Temperance River

From Wikipedia, the free encyclopedia
Jump to: navigation, search
Temperance River
TemperanceRiverStatePark.jpg
Origin Brule Lake
Mouth Lake Superior
Basin countries United States
Length 39 miles (63 km)
Basin area 198 square miles (510 km2)

The Temperance River is a 39.2-mile-long (63.1 km)[1] river in northern Minnesota, the United States. It drains into Lake Superior along its north shore just south of Tofte. It flows out of Brule Lake in Cook County generally south towards its mouth within Temperance River State Park. Its name is supposedly a pun on its lack of a sand bar.

Name[edit]

The Temperance River was named Kawimbash by the Ojibwa, meaning "deep hollow river".[2] While it retained this name in the earliest geological surveys, in 1864 Thomas Clark reported its present name, which he alleged arose as a pun from the fact that the river has no sand bar near its mouth.[3] However, this is not the only river on Lake Superior to have this feature, which has cast some doubt on that story.[4]

Topography[edit]

The Temperance River flows 39 miles (63 km) between its source, Brule Lake, and its mouth.[1] Brule Lake is unusual in that it has two outlets. The Temperance flows from its western outlet, and carries approximately half of the flow leaving the lake, while the South Brule River carries the other half from its eastern outlet.[1][5] After leaving Brule Lake, the Temperance flows through a chain of smaller lakes for the upper half of its length.[6] It shares this feature with its neighbors, the Cross, Poplar, and Cascade rivers, which gives it a warmer water temperature and more steady flow than streams further to the south.[7] After this, it proceeds to flow directly over the bedrock[5] which is entirely igneous, formed during the formation of the Keweenawan Rift.[8] Near Lake Superior, the river has dug deep potholes into the bedrock, some of which connected to form a narrow gorge and a system of waterfalls.[8] The depth of the water where the river enters the lake prevents the river from developing a sand bar at its mouth.[6] The Temperance has a drainage basin of 198 square miles (510 km2), which is the fourth largest catchment for a Minnesota river entering into Superior, after the Saint Louis River, Pigeon River, and Brule River.[9]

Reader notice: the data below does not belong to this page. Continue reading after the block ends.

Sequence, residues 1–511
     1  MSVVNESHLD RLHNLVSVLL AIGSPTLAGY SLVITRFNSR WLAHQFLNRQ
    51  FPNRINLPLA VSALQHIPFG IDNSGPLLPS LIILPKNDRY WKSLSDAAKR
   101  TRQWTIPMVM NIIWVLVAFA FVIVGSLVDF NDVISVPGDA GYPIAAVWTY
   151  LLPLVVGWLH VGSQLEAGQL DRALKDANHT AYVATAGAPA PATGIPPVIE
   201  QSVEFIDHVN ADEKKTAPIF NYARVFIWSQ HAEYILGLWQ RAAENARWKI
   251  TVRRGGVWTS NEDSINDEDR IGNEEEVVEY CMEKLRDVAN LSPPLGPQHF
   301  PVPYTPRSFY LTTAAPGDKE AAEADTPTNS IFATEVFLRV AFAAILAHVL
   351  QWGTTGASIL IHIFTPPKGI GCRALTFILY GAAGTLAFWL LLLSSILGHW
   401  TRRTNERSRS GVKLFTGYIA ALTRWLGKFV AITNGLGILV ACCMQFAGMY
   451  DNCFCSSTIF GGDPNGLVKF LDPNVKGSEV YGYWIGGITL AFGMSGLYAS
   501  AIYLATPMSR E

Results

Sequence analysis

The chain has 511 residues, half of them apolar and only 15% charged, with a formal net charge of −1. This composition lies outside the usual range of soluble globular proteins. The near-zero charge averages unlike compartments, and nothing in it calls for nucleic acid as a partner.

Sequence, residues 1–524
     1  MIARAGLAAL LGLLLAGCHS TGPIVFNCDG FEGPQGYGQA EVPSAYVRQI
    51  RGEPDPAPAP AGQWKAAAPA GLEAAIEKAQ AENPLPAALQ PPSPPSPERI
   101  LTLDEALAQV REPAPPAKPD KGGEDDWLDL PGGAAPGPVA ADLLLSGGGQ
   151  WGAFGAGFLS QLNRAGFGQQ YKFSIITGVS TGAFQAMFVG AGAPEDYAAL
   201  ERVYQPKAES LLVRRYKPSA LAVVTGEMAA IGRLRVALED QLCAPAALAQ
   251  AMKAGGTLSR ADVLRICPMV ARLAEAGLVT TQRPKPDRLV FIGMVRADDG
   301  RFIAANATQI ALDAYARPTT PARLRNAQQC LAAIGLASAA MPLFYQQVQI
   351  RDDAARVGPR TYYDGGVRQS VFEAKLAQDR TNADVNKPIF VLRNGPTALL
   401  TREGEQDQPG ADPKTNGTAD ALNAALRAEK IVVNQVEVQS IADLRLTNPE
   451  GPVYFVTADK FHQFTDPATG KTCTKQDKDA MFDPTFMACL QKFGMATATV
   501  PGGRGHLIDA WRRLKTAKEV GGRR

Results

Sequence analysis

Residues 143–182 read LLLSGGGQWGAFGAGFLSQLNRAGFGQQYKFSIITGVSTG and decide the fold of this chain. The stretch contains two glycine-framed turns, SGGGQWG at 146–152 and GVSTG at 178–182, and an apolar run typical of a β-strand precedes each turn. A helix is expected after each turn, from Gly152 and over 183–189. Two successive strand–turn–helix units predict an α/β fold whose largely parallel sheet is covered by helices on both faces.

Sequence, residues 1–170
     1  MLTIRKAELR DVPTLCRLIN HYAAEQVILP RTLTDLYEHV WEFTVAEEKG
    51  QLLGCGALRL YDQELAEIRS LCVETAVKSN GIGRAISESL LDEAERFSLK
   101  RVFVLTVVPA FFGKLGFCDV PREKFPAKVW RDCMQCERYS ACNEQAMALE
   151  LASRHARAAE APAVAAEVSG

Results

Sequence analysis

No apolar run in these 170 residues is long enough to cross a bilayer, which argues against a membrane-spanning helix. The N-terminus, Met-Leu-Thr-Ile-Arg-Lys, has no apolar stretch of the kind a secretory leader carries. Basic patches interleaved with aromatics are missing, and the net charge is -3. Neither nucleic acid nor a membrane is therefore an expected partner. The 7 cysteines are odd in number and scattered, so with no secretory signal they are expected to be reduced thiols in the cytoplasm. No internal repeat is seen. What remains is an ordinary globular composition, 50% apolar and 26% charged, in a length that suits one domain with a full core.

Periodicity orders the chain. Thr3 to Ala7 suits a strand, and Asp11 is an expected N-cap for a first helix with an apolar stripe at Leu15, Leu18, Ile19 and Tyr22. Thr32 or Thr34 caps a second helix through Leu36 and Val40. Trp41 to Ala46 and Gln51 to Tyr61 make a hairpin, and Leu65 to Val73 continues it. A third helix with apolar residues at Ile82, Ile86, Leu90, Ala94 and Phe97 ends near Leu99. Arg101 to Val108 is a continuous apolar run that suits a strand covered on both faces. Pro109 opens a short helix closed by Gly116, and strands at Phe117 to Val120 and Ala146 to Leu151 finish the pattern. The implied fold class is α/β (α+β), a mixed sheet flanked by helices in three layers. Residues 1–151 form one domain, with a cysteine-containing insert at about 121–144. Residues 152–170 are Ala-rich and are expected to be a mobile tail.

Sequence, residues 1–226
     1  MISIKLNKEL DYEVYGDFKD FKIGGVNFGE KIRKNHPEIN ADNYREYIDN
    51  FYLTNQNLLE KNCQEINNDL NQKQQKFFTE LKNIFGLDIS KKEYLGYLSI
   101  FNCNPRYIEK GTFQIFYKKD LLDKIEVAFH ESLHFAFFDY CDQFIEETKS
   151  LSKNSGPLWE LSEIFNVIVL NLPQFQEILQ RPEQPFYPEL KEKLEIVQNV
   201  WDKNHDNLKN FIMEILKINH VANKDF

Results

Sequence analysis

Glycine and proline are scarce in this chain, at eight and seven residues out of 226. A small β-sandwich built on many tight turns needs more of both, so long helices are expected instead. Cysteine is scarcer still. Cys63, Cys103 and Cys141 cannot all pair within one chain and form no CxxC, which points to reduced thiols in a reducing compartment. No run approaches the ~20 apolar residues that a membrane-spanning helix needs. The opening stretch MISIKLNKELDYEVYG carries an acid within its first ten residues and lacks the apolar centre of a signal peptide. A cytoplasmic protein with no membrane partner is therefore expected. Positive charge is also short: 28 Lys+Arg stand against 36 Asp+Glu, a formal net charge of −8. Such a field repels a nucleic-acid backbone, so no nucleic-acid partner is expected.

History of development[edit]

The Temperance River is located within the Superior National Forest, and its upper portions are within the Boundary Waters Canoe Area Wilderness, thus it remains largely undeveloped. The only two major developments in the immediate vicinity of the river are Minnesota State Highway 61 and Temperance River State Park. Highway 61 was built by Minnesota's state highway department[4] beginning in 1926, and was completely paved by 1940.[10] During this time the highway department acquired 200 acres (0.81 km2) of land at the mouth of the river where Highway 61 crosses it, which in 1957 were organized into the present state park.[4] The Superior Hiking Trail, which crosses the Temperance River, does so in this park.[11] There are three public campgrounds near the course of the river, two located near the mouth in Temperance River State Park and another in the Superior National Forest on the Sawbill Trail, roughly 12 miles (19 km) upstream from Temperance River State Park.[12]